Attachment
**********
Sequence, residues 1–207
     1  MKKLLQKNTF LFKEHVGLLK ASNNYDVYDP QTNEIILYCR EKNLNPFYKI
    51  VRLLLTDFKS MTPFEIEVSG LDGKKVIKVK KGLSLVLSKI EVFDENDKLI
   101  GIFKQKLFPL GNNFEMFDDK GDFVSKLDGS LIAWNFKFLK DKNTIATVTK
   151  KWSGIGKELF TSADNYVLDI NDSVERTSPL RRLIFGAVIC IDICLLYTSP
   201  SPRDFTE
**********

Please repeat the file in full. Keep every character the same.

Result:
Sequence, residues 1–207
     1  MKKLLQKNTF LFKEHVGLLK ASNNYDVYDP QTNEIILYCR EKNLNPFYKI
    51  VRLLLTDFKS MTPFEIEVSG LDGKKVIKVK KGLSLVLSKI EVFDENDKLI
   101  GIFKQKLFPL GNNFEMFDDK GDFVSKLDGS LIAWNFKFLK DKNTIATVTK
   151  KWSGIGKELF TSADNYVLDI NDSVERTSPL RRLIFGAVIC IDICLLYTSP
   201  SPRDFTE